The hazel dormouse was once widespread in woodland and scrub in England and Wales. During the 20th century it is thought to have become extinct in over half its former UK range. UK populations are fragmented and declining; it is a European protected species and a UK Biodiversity Action Plan Priority species.
We have coordinated dormouse research work at two sites over 10 years between 2005 and 2015. The first study site is in Cheshire where dormice were reintroduced in the late 1990s, through a national reintroduction programme lead by Natural England and PTES. The second is a woodland in North Wales with a large natural population.
Our research has two main aims:
- To compare the ecology and demographics of the dormouse populations at the two sites, contrasting the reintroduced animals with the natural population
- To increase understanding of dormouse ecology and habitat use to guide woodland management for the species in the region.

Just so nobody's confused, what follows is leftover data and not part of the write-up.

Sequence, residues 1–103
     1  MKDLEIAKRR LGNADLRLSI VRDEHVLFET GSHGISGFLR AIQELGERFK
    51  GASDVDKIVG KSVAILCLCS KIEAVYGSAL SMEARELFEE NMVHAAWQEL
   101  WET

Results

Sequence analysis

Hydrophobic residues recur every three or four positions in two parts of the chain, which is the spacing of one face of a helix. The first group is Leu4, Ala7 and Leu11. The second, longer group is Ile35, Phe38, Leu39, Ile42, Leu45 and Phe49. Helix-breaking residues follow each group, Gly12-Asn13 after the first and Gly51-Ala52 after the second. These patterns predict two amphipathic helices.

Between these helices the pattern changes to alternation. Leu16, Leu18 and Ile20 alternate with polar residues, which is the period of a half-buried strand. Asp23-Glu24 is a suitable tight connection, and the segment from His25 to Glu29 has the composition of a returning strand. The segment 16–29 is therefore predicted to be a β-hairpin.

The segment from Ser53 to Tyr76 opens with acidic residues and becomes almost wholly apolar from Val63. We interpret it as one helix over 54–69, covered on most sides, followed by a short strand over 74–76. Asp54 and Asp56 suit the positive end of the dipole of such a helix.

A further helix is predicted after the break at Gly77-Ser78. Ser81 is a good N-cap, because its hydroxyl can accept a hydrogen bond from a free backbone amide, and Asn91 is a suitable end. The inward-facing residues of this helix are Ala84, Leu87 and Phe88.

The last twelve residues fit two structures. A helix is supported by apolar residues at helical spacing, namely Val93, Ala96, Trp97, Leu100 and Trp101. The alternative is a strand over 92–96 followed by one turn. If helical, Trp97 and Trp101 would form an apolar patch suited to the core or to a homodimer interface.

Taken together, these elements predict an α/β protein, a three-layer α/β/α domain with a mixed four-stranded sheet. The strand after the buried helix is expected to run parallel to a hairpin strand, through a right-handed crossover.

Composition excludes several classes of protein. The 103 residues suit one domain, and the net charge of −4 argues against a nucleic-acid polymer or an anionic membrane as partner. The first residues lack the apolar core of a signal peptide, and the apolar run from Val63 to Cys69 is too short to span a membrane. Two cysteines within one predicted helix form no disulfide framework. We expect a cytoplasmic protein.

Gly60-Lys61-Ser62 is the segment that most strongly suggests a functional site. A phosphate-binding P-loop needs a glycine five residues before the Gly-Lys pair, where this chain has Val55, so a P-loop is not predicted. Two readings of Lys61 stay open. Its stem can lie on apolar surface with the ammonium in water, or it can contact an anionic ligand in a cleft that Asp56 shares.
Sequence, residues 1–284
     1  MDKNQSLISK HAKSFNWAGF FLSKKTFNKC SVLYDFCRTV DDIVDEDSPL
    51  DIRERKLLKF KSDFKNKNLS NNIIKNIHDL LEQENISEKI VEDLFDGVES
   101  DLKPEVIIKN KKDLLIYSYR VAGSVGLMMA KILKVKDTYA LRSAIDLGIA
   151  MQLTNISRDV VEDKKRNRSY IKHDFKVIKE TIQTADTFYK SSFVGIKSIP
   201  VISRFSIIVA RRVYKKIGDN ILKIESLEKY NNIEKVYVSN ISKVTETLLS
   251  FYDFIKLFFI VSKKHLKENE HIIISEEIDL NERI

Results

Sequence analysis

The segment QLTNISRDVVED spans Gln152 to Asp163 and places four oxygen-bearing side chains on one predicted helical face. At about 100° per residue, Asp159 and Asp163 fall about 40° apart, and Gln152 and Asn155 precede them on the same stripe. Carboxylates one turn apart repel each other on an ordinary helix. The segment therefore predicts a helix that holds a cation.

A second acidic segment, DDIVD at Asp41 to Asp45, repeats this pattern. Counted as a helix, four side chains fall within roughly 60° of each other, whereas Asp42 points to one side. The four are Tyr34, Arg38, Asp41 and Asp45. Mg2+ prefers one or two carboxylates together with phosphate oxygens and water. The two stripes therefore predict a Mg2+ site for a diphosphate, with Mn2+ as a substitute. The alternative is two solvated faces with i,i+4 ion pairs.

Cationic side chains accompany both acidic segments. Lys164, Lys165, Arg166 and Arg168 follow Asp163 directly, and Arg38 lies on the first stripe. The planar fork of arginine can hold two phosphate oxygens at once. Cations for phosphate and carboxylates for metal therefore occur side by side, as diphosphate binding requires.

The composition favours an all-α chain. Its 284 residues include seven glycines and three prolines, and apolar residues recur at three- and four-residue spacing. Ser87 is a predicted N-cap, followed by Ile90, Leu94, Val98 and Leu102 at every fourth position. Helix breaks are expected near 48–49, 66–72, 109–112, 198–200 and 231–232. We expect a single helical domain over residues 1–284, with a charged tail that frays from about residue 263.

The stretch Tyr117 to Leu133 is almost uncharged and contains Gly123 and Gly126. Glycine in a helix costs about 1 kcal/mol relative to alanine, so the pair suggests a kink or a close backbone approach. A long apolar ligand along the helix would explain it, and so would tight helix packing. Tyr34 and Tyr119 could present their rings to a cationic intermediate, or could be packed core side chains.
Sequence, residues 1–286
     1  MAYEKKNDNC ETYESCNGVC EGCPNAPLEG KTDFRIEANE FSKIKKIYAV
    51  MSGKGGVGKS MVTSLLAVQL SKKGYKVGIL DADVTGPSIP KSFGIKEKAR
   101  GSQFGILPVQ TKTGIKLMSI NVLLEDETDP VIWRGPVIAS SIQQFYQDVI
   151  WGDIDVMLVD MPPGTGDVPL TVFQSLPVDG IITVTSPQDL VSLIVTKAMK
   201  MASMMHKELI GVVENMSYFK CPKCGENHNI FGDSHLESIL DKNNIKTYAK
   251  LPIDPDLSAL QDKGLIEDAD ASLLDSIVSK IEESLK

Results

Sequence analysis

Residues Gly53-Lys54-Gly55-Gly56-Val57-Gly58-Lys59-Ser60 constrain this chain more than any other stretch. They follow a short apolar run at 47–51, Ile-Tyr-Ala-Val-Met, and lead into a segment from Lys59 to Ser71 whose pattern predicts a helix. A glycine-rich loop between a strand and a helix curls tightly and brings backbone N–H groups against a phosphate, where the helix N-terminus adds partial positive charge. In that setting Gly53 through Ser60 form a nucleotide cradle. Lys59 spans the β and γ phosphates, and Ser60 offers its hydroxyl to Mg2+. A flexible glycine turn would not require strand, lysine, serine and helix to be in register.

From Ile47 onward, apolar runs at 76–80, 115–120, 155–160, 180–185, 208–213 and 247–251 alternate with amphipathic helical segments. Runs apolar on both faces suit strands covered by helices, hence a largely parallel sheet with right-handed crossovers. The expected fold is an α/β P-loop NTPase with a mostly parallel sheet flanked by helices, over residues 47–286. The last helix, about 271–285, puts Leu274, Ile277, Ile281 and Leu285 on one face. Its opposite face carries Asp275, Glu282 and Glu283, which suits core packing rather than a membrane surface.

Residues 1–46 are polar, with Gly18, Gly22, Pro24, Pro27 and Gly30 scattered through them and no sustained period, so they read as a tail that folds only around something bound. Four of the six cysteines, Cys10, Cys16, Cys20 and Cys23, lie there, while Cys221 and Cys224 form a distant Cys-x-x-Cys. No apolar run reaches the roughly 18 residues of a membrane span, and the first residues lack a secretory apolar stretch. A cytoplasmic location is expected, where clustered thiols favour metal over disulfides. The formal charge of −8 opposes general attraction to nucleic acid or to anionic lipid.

Many zoo staff have assisted the project participating in fieldwork and the collection and analysis of data, and providing veterinary expertise and equipment to individually microchip animals. This research encompasses several postgraduate level projects. Key partners include the Wildlife Trusts and Natural Resources Wales.
From 2016 onwards we are focusing on the natural Welsh population and working more closely with Natural Resources Wales to learn more about the impacts of woodland management practices on dormice.